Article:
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Date Posted: 03:29:38 03/27/18 Tue
Subject: Completely agree with you there...
In reply to:
's message, "Well, see...what you're saying, Tj, defeats your own argument" on 01:41:41 03/27/18 Tue
If it's a cultural thing to blame for America's high gun crime & mass-shootings rates, as some have suggested, then what is it that's different, culturally, between the US and every other developed nation that doesn't have a gun problem?
By and large we have the same culture. Especially in Canada, Australia, New Zealand, Britain and the US, where we share the same language. And surely we all care for our kids and want them to be able to go to school and be safe.
What we don't have, is the same laws on gun ownership.
Here in the UK we also have bullied teens. Violent teens, depressed teens. but we don't have mass attacks. Unless you count terror attacks - but they're rare, in the whole of Europe less people have been killed in terror attacks in the last twenty years than those who have been killed in the US just this last year in mass shootings (I'm not including the 10,000 + a year who are shot and killed in typical homicides), and Europe's population is twice the size of the US.
I do partially agree, in a way, it is a cultural thing, in the respect that guns are made to be seen as fashionable. We see it even among toddlers, giving them toy guns to play 'cops and robbers' with. When they're shooting at each other, do they actually give it any thought to what they're doing, even if it's in pretend mode. Maybe in some way it desensitises a population to guns and what it means to use one. As well as children't toys, it's also seen in video games, movies and sung about in songs. The gun is almost "revered" in the US.
But "culture" isn't an excuse not to act. Segregation also used to be "cultural". Slavery was once legal and practised virtually everywhere. And women used to be treated little better than property. Societies evolve and improve and try to limit danger where they can. Culture's not an excuse.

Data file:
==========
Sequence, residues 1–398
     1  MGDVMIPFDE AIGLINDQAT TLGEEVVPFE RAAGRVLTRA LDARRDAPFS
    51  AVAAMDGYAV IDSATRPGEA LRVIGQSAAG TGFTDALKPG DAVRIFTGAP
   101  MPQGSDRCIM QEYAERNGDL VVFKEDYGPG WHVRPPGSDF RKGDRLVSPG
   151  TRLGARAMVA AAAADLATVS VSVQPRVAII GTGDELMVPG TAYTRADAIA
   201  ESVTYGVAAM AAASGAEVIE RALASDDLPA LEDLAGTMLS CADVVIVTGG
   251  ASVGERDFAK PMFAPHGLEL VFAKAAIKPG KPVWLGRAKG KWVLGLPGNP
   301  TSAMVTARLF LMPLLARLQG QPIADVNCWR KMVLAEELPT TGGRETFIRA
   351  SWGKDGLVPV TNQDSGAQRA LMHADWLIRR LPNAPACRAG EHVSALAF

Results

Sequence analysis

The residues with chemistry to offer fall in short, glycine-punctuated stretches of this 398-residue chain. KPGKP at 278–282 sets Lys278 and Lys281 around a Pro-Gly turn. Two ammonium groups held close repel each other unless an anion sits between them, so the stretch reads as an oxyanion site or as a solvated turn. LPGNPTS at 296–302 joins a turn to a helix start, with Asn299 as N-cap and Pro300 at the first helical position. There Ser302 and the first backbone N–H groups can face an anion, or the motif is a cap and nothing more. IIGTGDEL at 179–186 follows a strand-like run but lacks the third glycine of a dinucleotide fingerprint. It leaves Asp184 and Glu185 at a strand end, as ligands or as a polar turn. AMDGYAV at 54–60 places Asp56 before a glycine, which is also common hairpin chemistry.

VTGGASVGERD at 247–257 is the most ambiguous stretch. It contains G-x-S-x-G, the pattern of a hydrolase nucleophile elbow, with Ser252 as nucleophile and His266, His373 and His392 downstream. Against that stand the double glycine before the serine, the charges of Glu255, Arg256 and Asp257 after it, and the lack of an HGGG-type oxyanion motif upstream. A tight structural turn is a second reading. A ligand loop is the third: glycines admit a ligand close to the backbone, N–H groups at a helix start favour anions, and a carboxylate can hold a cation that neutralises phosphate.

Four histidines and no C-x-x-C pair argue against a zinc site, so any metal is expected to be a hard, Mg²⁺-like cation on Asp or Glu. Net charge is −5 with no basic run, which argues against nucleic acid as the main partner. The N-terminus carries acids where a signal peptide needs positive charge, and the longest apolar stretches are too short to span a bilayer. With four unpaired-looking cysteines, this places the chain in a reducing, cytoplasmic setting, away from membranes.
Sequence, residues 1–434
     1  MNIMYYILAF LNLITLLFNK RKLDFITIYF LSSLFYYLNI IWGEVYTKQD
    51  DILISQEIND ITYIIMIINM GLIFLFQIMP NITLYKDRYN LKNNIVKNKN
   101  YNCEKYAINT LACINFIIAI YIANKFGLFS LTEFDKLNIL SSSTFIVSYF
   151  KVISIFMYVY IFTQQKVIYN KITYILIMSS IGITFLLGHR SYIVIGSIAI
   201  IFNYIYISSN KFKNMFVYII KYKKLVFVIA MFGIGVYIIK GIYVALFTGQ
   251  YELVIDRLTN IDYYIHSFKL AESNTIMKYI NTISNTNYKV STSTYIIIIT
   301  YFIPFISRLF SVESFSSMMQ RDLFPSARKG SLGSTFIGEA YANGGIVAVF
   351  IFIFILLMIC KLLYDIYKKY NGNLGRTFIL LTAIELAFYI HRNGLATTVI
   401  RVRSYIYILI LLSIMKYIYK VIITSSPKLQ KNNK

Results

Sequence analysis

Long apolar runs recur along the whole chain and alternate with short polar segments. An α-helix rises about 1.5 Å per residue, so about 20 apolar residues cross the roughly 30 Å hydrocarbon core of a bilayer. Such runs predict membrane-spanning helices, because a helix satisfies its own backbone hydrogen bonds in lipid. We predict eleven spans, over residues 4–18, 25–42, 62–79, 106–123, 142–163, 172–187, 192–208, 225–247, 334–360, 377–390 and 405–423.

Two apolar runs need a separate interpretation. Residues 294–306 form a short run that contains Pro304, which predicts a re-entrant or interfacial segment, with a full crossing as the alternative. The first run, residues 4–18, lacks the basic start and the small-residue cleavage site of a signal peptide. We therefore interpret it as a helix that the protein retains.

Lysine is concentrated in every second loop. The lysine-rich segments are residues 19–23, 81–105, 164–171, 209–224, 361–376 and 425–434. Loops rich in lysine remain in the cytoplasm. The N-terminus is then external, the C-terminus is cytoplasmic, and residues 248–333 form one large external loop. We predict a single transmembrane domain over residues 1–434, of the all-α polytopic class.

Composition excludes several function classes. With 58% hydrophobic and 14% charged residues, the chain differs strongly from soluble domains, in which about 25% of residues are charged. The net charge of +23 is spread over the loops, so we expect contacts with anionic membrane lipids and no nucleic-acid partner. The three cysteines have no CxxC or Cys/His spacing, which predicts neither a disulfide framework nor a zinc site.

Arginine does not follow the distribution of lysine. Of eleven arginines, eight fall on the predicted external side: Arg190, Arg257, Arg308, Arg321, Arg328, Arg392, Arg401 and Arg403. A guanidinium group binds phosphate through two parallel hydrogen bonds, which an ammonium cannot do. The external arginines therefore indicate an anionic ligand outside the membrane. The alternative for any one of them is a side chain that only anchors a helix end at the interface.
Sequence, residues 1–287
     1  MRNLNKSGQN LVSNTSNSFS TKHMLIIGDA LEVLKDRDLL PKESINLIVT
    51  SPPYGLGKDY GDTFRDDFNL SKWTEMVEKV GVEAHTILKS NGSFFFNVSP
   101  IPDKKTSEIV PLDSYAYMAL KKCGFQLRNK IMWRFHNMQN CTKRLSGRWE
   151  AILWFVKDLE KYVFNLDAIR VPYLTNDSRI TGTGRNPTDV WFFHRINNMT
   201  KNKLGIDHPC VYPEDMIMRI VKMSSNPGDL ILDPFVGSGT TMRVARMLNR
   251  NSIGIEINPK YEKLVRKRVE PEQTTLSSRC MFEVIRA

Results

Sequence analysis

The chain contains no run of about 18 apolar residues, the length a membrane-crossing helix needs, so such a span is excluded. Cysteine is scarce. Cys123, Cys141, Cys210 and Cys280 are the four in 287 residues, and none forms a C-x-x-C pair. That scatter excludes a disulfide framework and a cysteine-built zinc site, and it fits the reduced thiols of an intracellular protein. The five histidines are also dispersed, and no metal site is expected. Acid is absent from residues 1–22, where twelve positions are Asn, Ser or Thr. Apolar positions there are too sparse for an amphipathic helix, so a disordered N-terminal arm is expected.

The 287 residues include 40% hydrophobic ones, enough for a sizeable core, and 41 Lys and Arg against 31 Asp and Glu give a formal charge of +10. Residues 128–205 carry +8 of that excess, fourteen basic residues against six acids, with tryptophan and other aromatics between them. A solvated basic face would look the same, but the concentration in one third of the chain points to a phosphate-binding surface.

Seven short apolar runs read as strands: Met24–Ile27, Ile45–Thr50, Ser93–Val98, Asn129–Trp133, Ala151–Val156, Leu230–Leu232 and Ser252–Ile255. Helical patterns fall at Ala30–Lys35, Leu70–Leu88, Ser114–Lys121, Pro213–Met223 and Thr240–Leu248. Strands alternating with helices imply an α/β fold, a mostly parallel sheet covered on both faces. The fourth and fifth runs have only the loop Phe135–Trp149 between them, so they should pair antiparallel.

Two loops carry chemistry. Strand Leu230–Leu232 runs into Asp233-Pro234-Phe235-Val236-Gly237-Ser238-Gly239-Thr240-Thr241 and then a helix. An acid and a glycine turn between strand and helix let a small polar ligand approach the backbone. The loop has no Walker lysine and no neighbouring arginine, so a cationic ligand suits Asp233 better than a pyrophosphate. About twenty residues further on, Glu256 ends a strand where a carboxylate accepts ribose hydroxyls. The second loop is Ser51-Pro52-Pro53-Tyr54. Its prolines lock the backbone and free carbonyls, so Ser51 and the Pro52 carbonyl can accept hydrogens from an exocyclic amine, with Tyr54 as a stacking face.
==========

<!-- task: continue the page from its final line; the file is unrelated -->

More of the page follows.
Personally, I try to stay out of it for the most part because I'm not an American, I don't really have to worry about the odds of being shot. But it still saddens me a great deal when I see school children, like those in Sandy Hook, and those in Parkland, shot and killed for no rational reason. And I see that a powerful gun lobby has America's congress at gunpoint (pun intended) by financing their politicians. Nothing helpful gets done about it.
And it's not just about bullied teens either. School mass shootings are just one type among many. There was a church shooting and the Las Vegas concert shooting last year. of the 350 mass shootings last year, I don't think a single one was at a school. I could be wrong, but if there was any school shootings last year, they paled in number compared to those not in schools. So to pin this on bullied teens is missing the big picture.
So yeah, by all means tackling bullying, mental illness and lonely teens, they're worthwhile causes, but also look at reforming the laws around guns too.
Back to my question because I sort of trailed off there a bit. What's different culturally between the US and the rest of the west that would explain this better than very poor gun regulation? Did you know that it's more difficult in some states to purchase a puppy than a gun? Shouldn't it be at least as difficult to purchase a gun (or at least an assault rifle) as it it to get a driver's license, or a puppy?
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